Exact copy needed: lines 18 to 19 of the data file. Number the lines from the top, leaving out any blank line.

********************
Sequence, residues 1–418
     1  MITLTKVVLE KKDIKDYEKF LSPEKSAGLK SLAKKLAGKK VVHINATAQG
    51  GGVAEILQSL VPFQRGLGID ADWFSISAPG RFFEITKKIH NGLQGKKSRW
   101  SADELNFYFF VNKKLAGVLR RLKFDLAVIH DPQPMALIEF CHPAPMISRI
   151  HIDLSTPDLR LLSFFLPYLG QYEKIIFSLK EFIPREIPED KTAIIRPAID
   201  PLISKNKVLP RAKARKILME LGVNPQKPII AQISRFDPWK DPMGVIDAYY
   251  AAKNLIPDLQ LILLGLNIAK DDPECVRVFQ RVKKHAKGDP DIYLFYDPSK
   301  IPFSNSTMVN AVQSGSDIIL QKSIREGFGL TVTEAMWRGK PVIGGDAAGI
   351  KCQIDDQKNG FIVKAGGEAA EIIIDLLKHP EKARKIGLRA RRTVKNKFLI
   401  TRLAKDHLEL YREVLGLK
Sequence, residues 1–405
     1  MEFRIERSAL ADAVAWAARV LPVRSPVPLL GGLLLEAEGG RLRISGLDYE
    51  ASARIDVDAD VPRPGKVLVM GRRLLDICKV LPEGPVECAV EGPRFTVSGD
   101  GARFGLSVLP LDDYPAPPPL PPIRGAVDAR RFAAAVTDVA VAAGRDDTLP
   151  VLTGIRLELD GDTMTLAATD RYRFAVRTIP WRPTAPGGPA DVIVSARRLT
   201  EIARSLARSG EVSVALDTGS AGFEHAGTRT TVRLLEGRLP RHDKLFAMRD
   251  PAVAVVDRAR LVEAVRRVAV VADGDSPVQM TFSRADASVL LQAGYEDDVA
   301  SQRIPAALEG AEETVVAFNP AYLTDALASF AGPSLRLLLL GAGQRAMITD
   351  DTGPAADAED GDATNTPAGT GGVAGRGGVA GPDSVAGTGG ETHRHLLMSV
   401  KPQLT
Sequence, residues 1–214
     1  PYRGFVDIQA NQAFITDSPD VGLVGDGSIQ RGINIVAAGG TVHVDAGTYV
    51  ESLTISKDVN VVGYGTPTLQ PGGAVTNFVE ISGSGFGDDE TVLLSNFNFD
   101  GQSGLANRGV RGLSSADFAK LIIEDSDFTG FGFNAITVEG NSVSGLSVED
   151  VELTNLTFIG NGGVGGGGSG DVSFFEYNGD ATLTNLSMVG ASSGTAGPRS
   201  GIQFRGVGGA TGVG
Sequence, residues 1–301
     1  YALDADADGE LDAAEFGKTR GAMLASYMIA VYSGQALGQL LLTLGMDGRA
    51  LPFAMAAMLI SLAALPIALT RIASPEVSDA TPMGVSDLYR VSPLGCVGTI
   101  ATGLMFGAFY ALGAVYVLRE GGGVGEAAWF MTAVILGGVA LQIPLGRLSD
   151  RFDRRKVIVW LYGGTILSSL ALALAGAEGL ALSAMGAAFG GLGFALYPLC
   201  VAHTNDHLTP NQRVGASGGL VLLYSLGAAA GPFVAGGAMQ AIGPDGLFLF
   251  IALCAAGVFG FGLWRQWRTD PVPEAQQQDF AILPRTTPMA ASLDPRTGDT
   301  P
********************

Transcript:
   301  SQRIPAALEG AEETVVAFNP AYLTDALASF AGPSLRLLLL GAGQRAMITD
   351  DTGPAADAED GDATNTPAGT GGVAGRGGVA GPDSVAGTGG ETHRHLLMSV